Markets Await Another Round of ECB Liquidity

The key event this week is Wednesday LTRO 2 injection of liquidity by the ECB.

The auction of 3-year loans at 1%, with relaxed collateral thresholds should help to further calm the European bond markets, which have responded positively to the first LTRO which totaled about €489 bn with near €250 bn of fresh money - that which wasn't being used to roll over some other shorter term debt.

Expectations of a huge uptake - double what we saw in LTRO 1 - have receded and the major trading desks and bank analysts now see total uptake that will be close to what we saw in December.

To the right I put a chart showing the impact on the ECB's balance sheet - as a percentage of GDP - from a €500 bn uptake or a €1 trillion uptake, with the consensus forecast currently around €470.

Here's a round-up of some projections for the LTRO 2 from a weekend Financial Times article as we opened the week.

From Financial Times: A month ago, some experts were predicting that the February auction would see banks bidding for as much as €1tn of ECB funding. The consensus expectation now appears closer to half that sum. Analysts at Morgan Stanley, for example, estimate that the February LTRO could add about €200bn to €500bn of net additional funding to the system, with another €100bn rolling in from other programmes.

UBS analysts expect to see €300bn of net new money, which translates to about €492bn after other programmes are rolled over. UniCredit analysts, meanwhile, expect gross demand of about €450bn.

Market participants can respond in two main ways to the release - use it as a catalyst to further the risk rally we have seen since January, or use this is an event to buy the rumor, sell the news and sell risk following this key event.

Response #1 - Will LTRO 2 Boost Equity & Commodity Markets?

First, there is the expectation that the cheap money will further help any lingering funding issues for European banks, putting them on firmer footing in the short to medium term, though still leaving vulnerabilities in the longer term. The response in equity and European periphery markets has been resoundingly positive to LTRO 1, and the possibility of further run-up in these risk assets on the back of cheap lending can help the bullish case - but would require a bigger uptake than the €500 bn expected.

Here's what happened with the EUR/USD after LTRO 1:


We can see here that even after the LTRO was auctioned off, the EUR/USD retreated further - a buy the rumor, sell the news  response - though the early part of January coincided with downgrades for Euro-zone countries which helped to weaken the EUR. Eventually though, the stability that the LTRO provided to periphery bond markets was too much to ignore, and the EUR and risk turned around in January.

Here's the response to LTRO 1 in Italy's 10-year yield:


As we can see prior to the cheap lending, Italy's yields were rising to levels that would be unsustainable no matter what austerity programs the government undertook. Since the first LTRO, yields have retreated almost 180 basis points with Italian debt trading at 5.36% yield.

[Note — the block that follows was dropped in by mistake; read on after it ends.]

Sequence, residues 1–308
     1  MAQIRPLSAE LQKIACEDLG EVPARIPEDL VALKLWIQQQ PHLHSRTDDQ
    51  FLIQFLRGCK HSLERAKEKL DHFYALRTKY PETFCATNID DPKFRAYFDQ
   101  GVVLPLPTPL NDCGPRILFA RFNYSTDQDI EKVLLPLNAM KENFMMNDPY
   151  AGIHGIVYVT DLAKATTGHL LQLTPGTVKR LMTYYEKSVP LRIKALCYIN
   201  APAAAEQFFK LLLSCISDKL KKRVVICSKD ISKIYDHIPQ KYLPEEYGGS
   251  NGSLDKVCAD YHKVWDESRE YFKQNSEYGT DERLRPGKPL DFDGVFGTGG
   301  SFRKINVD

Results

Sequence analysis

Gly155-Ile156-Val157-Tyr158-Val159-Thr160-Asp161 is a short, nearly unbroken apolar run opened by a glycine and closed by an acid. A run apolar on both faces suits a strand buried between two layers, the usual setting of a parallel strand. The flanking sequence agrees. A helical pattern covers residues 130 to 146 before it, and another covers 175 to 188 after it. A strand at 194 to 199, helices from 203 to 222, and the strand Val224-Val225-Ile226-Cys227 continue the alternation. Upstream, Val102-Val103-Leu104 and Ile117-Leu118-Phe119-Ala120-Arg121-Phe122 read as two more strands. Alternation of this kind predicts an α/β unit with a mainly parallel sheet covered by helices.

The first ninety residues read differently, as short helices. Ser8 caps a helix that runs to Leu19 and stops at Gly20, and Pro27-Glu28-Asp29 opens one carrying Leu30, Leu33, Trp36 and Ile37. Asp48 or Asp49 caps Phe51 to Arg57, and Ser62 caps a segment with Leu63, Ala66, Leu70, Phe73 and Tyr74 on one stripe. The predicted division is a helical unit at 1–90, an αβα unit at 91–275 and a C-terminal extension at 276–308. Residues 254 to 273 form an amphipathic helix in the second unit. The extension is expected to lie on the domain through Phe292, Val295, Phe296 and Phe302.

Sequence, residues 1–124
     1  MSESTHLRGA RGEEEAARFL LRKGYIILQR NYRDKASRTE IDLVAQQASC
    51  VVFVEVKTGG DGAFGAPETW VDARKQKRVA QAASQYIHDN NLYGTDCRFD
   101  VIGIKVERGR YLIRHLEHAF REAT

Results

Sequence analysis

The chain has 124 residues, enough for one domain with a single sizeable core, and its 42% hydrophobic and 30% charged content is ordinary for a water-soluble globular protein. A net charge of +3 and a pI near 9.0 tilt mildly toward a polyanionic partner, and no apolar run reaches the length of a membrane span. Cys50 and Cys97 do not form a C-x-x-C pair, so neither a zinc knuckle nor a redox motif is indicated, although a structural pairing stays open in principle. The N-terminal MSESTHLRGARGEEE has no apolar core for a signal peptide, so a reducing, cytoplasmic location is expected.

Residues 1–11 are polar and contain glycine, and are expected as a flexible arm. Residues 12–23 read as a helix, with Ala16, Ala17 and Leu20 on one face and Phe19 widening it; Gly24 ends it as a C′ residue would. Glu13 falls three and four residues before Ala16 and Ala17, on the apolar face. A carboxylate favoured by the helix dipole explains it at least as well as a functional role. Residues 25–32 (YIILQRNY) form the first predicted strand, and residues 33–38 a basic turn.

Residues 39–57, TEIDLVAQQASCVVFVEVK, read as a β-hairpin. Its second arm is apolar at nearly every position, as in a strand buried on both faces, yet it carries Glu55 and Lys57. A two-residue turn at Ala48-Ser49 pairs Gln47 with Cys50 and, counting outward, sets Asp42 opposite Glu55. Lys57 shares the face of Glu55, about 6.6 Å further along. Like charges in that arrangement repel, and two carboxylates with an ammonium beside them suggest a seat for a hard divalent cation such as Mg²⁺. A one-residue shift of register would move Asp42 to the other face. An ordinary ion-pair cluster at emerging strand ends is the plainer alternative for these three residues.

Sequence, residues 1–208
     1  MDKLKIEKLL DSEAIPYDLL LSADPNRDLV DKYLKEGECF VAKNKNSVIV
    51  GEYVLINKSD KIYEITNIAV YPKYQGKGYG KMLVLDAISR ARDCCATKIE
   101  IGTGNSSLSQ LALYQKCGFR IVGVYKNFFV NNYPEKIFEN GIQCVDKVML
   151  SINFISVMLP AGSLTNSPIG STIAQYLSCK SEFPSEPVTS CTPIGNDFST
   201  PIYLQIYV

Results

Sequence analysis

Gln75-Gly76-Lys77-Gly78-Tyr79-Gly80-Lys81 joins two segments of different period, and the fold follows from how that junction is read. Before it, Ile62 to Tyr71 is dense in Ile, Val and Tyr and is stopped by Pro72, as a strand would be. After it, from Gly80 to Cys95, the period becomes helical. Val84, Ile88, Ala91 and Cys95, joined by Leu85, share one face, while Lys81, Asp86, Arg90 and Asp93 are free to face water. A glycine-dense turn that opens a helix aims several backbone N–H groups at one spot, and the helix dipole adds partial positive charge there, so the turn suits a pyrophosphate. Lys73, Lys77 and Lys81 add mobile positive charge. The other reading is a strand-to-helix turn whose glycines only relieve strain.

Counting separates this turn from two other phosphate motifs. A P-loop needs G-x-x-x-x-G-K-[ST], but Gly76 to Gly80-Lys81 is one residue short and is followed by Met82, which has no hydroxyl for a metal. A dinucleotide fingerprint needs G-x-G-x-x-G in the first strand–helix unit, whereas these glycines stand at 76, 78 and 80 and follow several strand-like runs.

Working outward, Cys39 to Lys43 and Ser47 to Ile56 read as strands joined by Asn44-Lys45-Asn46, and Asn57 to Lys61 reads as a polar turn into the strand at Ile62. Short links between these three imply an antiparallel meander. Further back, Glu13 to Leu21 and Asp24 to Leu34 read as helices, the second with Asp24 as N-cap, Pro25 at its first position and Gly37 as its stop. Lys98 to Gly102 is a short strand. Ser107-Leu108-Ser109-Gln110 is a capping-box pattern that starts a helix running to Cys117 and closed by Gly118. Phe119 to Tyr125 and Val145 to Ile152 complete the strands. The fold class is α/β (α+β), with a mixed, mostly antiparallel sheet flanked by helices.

The key question is has most of the positive impact from LTRO and the expectation of LTRO 2 been priced in at this point, and can bond markets continue to see increasing demand (higher prices) which would let these yields fall further.

Response # 2 - Impact Priced In, Participants Worry About Bank Dependence on ECB

There is a danger that the market has priced in the positive impact of the LTRO 2 and may now see the dependence on the ECB for European banks as a bad thing, which may hinder risk sentiment and push down equities. Also, many of the effects of the LTRO 2 - especially in bond markets - may have come in anticipation of the event, and therefore may already be priced into markets.

Like at the end of QE1 and QE2 that did lead to big falls in equities (here the S&P 500) and we should be cognizant of a similar scenario playing out.


In a third interpretation, the increase in lending is tantamount to an expansion of the money supply (though to finance banks and not governments - meaning its not QE) which should weigh on the EUR.

Expansion of Global Balance Sheets Argue More for 1st Response Rather Than 2nd

Will LTRO 2 have a similar impact on the market as LTRO 1? One that gives the EUR more impetus to rise against the USD and others? Or, similar to the end of QE1 and QE2?

The extra boost to liquidity from the ECB's lending program, comes amid more quantitative easing by the Bank of Japan and the Bank of England, as well as a drop in China's bank reserve ratios which are all tools used to ease monetary policy and flood the markets with more cheap money.


Looking at the ECB's action in a wider context of this major  factor, the increase in cheap money should continue to drive equity and commodity prices higher over the next months, as well as the EUR. The key question is whether the US Fed gets involved with another round of QE of its own. We will hear more from Bernanke this week as he testifies in front of Congress.

Nick Nasad is a macro-economic economist, analyst, and educator; and one of the main contributors to  FXTimes - provider of Forex News, Analysis, Education, Videos, Charts, and other trading resources.

Information and opinions contained in this report are for educational purposes only and do not constitute an investment advice. While the information contained herein was obtained from sources believed to be reliable, author does not guarantee its accuracy or completeness. FXTimes will not accept liability for any loss of profit or damage which may arise directly, indirectly or consequently from use of or reliance on the trading set-ups or any accompanying chart analysis.